One distressing thing about getting my car back is that, when I handed my car over to the Butcher, gas was just under two dollars a gallon. He’s handed it back to me and gas is just under three. Or it was yesterday. I haven’t been out yet today.
I think all of us have heard the rumors that John Snow is leaving the Treasury Department because he has failed to convince the American people that our economy is doing well, even though our economy is supposedly doing well.
I don’t think you have to be a political genius to see that it’s hard to convince people who have to pay twice as much for gas as they did a year and a half ago that thing are fine. I, for one, am not making twice as much as I made a year and a half ago, so paying twice as much for gas makes me feel less than confident in my household economy, which makes me feel less than confident in the economy in general.
Newscoma is, in her usual brilliant way, all over this. She brings us this shocking paragraph from the Washington Monthly.
It turns out that the average household uses about 1100 gallons of gasoline per year and has an average income of about $44,000. Take out 20% for taxes and that’s a disposable income of $35,000.
So at two bucks a gallon that means the average household spends 6% of its disposable income on gasoline. At three bucks a gallon it’s more like 10%. And that’s only the average.
Holy shit! I get distracted just looking at that first paragraph. If the average income of an American household is $44,000, who the fuck is buying these $500,000 townhomes in my neighborhood*? And how many people must there be making next to nothing to balance out the people who can afford to buy half a million dollar condos and bring the average down to $44,000? Wow. I mean, is it a bell curve where most people make around $44,000 and then there are relatively fewer people the closer to dirt poor and filthy rich you get? Or is it an inverse bell curve, with most people either dirt poor or filthy rich and a relative few who make what the average between the poor and the rich is?
However, let’s not get distracted with thoughtful analysis. After all, USAToday isn’t.
Another way to look at the oil markets’ behavior is as the world’s de facto energy policy, at least for the near term. With rising demand from China and India, there’s almost no room for error on the supply side. For lack of any other solution the market has, in effect, hiked the gas tax by 55 cents a gallon in the past two months. This is painful to most drivers, particularly low-income commuters. But there is little doubt that a market-imposed tax of this size will spur conservation.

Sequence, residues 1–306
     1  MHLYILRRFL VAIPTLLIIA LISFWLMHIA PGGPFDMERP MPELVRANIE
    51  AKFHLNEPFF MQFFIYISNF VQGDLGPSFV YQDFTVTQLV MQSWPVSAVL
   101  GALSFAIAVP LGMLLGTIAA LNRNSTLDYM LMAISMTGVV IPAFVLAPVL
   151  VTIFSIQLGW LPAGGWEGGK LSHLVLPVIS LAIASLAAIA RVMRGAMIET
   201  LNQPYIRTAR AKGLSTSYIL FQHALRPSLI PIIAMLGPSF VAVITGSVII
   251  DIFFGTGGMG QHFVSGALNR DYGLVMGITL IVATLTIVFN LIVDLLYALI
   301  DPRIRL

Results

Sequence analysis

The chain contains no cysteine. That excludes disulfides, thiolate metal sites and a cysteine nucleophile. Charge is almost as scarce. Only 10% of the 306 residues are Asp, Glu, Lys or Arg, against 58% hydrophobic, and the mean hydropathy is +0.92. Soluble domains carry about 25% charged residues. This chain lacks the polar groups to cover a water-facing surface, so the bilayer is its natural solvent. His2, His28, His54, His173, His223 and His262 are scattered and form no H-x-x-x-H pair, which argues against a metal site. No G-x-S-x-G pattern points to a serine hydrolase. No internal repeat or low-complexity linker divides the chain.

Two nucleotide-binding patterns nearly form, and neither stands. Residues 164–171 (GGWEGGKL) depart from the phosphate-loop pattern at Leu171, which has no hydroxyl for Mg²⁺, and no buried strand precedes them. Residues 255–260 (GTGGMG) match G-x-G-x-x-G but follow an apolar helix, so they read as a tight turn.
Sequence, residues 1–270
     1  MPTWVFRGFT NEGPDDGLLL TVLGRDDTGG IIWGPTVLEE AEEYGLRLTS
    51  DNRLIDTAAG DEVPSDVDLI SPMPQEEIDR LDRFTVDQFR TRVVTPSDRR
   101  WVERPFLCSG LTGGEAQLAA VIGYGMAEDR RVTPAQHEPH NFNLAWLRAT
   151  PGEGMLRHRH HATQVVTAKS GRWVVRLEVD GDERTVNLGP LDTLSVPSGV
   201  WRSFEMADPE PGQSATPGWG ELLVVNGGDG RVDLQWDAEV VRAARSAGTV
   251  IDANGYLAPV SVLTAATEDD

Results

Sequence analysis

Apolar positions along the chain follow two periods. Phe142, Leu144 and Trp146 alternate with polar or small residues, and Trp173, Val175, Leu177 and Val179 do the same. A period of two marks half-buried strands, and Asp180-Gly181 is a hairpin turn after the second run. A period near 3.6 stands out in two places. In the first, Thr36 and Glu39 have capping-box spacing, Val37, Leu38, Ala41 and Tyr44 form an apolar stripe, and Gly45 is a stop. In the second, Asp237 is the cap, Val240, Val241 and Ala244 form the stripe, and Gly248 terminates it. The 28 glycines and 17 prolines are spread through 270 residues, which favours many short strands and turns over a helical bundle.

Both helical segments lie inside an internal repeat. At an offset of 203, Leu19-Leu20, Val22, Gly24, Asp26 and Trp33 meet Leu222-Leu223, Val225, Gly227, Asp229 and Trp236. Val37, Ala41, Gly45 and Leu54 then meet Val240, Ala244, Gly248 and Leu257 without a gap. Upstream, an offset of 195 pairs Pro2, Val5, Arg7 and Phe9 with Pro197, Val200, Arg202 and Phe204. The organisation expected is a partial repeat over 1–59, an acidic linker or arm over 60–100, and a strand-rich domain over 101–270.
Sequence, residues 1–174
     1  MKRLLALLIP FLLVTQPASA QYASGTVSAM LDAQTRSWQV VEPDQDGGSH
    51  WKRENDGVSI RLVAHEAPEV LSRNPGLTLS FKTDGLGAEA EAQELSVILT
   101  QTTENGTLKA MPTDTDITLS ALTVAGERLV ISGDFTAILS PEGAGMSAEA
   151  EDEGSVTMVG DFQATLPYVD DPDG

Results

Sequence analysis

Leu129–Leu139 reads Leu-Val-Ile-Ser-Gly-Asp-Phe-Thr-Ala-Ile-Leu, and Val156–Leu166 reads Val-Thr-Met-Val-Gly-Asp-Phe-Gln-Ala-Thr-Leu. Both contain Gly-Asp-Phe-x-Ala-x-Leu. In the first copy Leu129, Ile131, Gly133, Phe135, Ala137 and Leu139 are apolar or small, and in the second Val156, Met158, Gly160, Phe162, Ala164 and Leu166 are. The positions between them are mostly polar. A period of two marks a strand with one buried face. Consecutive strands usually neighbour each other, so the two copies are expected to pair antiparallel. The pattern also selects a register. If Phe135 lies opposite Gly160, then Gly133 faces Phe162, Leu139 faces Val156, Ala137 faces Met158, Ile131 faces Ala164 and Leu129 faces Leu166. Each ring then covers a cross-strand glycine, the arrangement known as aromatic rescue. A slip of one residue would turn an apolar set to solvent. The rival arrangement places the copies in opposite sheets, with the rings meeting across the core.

However one looks at today’s prices – as an insurance premium or a tax – they’re the new reality. High gasoline prices aren’t going to blow over like summer storms. If traders can bid up the price of oil so easily, then the best thing consumers can do is assume that these levels either are here to stay or will return with some regularity.
The best thing policymakers can do is concentrate on long-term strategies to develop alternatives to oil. That would involve a good bit more courage and perseverance than they’ve shown so far. But it’s better than being dependent on oil from unreliable sources.
Maybe it’s just because USAToday is a paper in the same way that I am an internet superstar, but this has to be the lamest of lame editorials. I mean, if you are a newspaper, you have access to information. Part of your job, when forming opinions to put on your Op/Ed Page is to digest all the information you have access to and formulate an idea about them, preferably an idea that your readers cannot, because they don’t have access to the same information you do, see on their own.
Not the USAToday staff, though. I mean, really, their argument is this “groundbreaking” idea: We cannot control the price of oil, because we cannot dictate what the market does and with India and China increasing the demand for oil, there’s more demand than there is supply, thus prices are high. Therefore, consumers must just suck it up and pay whatever they have to pay. And policymakers must come up with ways making us less dependant on foreign oil.
Well, thank you, Einsteins. I would have never thought of that on my own. That’s nothing like what folks have been saying for thirty years.
Never mind that, according to Newscoma’s sources, I’m giving Uncle Sam a fifth of my income and then turning around and giving another 10% to the oil companies.
Ten percent of my income to multinational corporations that can hold my household hostage to their profit-making whims without me having any say in it? That’s pretty alarming. And USAToday thinks I should just suck it up and learn to deal with it because it’s the new market reality?
Gee, thanks for that wisdom.
I have a radical suggestion.
We’ve fucked up in Iraq. Fucked up terribly and the country is descending into civil war. Iraq also sits on a great deal of oil, which we, as a country, need. Let’s stop trying to make Iraq a sovereign nation. We obviously don’t know what we’re doing when it comes to that.
Instead, let’s accept that we’re in empire-building mode, conquer Iraq, and steal their oil. Excuse me “liberate our” oil.
We, then, have access to a lot of oil, which can be made available to the American people at a more reasonable price and the Republicans give the impression that they’ve done something for the American people that makes a real, positive difference in their lives.
Shoot, with brilliance like this, I could do Snow and Rummy’s job both. …thus saving the taxpayers money, because they’d only have to pay one of me to occupy two positions.
Cost savings all around.
Give me a call, Mr. President!
*Okay, no one yet. But they wouldn’t have put them up if they didn’t think they could sell them.